Always use in moderation and in a well ventilated space. Follow the product instructions carefully.
What's the problem?
Because aerosols are so readily available, the associated product risks may not be immediately obvious. Millions of people use aerosols safely every day but accidents can happen. People should familiarise themselves with the effects of using large quantities of aerosol sprays, including products like deodorant or perfume. As young people head into adulthood they will have their own aerosol products like deodorants. It is important that parents explain the risks of these products to young people and make sure that they are not being used excessively
Are aerosols dangerous?
Aerosols and aerosol deodorants are not dangerous, but they do contain ingredients that can be harmful in large quantities. They are also flammable products. People need to be aware of the risks of using them. Aerosols are highly regulated products that comply with strict legislation and millions are sold and used every day. However, as with many over-the-counter products, they need to be used in accordance with the guidelines, in well-ventilated places and in moderation to avoid accidental inhalation and flammability risks. The following advice will help to ensure that aerosols can be used safely.
Aerosols are pressurised so please remember:
- Do not put aerosols on a bonfire, even when they are empty, because they will explode and may cause injury
- Do not pierce aerosols, even when they are empty, because there is always some pressure, and possibly some of the product left. It may be flammable or cause injury if you pierce the can
- Keep aerosols out of the sun and in a cold dry place away from heat. The pressure inside the can increases greatly in the heat and may cause it to burst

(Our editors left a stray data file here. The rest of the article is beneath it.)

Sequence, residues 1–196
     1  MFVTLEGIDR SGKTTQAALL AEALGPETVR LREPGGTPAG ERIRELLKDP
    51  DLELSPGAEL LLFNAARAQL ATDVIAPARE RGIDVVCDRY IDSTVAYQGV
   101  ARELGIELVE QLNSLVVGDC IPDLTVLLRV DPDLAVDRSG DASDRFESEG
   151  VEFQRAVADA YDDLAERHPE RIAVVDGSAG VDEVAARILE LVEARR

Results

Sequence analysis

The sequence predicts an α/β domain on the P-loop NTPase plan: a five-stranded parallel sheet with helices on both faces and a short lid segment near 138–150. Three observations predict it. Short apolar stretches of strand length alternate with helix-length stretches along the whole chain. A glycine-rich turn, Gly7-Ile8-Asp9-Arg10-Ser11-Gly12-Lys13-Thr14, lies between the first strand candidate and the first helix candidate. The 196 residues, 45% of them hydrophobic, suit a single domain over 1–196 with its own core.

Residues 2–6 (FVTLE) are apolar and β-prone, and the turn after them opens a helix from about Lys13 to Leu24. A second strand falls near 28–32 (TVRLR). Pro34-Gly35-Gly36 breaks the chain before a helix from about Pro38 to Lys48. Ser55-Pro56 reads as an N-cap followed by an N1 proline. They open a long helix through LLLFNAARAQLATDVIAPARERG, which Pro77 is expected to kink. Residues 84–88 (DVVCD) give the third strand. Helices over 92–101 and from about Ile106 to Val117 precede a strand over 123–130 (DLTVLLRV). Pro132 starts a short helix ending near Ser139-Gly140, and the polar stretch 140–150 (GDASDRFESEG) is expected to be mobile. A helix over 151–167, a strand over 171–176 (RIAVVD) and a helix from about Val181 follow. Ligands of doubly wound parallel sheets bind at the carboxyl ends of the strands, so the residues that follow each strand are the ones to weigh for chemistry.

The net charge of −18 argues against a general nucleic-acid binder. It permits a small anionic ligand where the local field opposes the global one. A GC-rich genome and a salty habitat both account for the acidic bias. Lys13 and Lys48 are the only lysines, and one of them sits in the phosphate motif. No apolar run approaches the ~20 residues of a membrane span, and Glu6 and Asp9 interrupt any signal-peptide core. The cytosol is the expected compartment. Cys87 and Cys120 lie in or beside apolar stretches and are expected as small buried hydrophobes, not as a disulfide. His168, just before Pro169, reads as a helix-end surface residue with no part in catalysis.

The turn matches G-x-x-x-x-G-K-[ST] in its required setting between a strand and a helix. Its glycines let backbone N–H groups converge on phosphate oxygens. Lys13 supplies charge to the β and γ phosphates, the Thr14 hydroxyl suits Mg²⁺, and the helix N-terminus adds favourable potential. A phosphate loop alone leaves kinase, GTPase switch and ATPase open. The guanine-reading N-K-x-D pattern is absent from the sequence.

- You should never keep aerosols inside cars because even in winter temperatures can rise quickly. You should keep them in the boot
Aerosols contain a concentrated product so:
- You only need to use them in short bursts unless the instructions say otherwise
- If you are using aerosol cleaning or maintenance products in a confined space, like a cupboard or under the sink, two or three second bursts should be enough. Make sure that you open nearby windows or doors before you start this task
- Do not spray aerosols near your eyes as the contents may irritate them
The contents of an aerosol may be flammable so:
- Do not spray it on, or near a naked flame or fire
- Do not smoke when you are using an aerosol or just afterwards
- Do not spray near any heat or source of ignition (such as a pilot light or candle)
- keep aerosols away from children
Volatile Substance Abuse, often called "sniffing" or solvent abuse, is extremely dangerous and can kill instantly. Some young people do this to get intoxicated on the fumes of these products.
The wide range of products which are abused are readily available in the homes and shops. They include:
- Butane lighter fuels
Advice on solvent abuse is available from the National Drugs Helpline "Talk to Frank" Honest information about drugs | FRANK (talktofrank.com) or Re-Solv Solvent abuse advice and support - Re-Solv: UK's solvent abuse charity
For more information about aerosols in general contact the British Aerosol Manufacturers Assosication (BAMA): www.bama.co.uk